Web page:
We want to model the right behavior before her each day. We fail often, but we get up and try again. Someday, though, she’ll have to stand on her own. So, we try to put every influence around her we can that points her toward what we want her to be: a faithful, sweet, loving Christian lady.

That includes her clothes.

I know that goes against modern thinking, but we try to dress her in such a way that expresses who we want her to be. I’m not talking about brand names or even certain styles.

Instead, we are simply talking about modest or immodest clothes.

She is only 8, but she is quite tall for her age. As such, it is getting less often that we can buy “little girl” clothes. We are fast headed toward “tween-dom,” and if you are trying to purchase modest clothes, that’s a scary phase.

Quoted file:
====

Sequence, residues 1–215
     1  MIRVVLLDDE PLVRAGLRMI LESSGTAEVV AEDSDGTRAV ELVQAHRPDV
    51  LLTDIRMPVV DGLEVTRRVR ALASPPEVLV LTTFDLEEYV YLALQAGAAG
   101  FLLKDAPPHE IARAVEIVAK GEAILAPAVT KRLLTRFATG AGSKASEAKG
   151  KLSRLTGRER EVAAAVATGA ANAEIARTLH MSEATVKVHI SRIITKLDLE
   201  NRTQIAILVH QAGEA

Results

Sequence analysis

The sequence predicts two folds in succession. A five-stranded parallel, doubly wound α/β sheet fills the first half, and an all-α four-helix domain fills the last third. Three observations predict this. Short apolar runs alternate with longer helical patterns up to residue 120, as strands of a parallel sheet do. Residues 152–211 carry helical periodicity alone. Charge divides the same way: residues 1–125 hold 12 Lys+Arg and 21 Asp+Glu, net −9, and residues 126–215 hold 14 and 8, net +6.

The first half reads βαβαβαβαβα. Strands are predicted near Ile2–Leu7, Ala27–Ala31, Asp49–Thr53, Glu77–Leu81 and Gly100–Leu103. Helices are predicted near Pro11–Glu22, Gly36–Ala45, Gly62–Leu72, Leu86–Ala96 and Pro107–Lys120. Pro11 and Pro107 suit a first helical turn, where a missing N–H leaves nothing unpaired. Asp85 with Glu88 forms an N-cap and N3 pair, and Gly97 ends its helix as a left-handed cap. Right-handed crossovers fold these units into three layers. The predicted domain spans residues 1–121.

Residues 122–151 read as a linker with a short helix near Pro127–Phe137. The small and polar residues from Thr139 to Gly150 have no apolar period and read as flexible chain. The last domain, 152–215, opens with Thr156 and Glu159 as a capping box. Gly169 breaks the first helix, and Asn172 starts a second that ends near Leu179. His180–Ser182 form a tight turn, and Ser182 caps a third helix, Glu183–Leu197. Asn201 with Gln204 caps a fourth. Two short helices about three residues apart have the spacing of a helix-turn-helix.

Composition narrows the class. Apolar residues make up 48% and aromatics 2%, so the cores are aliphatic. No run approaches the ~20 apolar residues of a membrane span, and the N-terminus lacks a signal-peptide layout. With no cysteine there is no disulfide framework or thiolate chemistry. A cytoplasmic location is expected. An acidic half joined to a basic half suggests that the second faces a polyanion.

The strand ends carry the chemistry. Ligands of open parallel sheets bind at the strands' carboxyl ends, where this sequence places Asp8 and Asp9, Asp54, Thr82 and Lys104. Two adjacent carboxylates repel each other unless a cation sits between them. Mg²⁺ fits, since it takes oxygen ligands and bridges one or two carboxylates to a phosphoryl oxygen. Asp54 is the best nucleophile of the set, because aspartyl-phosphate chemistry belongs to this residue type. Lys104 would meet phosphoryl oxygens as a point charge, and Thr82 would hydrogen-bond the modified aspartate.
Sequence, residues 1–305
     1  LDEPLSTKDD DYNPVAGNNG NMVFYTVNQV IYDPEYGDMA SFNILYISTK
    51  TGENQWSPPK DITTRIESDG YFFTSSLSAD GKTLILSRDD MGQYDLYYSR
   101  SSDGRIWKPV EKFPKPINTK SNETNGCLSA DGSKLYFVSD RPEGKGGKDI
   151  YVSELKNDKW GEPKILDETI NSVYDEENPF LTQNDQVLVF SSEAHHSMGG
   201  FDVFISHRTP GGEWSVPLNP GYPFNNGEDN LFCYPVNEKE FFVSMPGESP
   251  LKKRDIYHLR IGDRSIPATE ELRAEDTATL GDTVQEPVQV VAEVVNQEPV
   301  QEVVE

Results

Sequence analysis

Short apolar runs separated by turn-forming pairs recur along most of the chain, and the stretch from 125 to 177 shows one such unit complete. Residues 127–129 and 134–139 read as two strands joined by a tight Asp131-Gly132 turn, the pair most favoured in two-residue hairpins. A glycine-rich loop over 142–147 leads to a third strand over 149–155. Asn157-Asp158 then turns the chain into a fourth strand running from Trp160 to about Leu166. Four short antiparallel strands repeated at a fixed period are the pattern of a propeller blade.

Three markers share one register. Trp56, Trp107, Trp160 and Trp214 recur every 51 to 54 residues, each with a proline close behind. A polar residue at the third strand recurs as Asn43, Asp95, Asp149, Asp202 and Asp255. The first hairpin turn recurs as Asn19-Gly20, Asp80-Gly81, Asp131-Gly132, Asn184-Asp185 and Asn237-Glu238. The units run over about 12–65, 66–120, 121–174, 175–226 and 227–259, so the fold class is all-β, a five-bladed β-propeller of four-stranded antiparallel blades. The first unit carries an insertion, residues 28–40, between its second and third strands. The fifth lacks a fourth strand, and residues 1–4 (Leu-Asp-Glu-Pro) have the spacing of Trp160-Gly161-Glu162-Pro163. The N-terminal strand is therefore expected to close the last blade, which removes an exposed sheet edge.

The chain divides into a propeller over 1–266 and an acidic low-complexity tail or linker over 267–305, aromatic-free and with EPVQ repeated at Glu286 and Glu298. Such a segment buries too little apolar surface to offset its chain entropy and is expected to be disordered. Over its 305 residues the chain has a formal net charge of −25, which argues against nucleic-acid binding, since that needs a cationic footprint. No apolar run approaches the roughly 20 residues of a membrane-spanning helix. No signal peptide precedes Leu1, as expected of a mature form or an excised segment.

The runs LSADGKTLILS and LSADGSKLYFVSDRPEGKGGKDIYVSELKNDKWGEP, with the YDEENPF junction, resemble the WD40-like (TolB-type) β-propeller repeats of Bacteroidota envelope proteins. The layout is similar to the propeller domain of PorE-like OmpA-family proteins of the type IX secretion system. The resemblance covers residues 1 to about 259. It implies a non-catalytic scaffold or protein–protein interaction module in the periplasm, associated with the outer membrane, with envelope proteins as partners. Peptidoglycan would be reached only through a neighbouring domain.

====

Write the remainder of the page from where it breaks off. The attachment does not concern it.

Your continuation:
Just walk down the aisles sometime and notice the clothes that are placed there for girls who are around 9 or 10 years of age. You’ll find strapless shirts. You’ll see shorts with words like “sexy” across the behind. Likely, you’ll see shorts that are basically nothing more than underpants, but made from different fabric. You’ll even see bras with padding.

May I ask why?

It is not just that I want my daughter to be modest. It is that I want her to learn what it means to be a lady. No girl, especially of that age, even knows what “sexy” means, but the clothes are meant to display that (and some even just say it).

What are we telling our girls? What are we wanting them to be? How can we even remotely think that this doesn’t affect their thinking about themselves?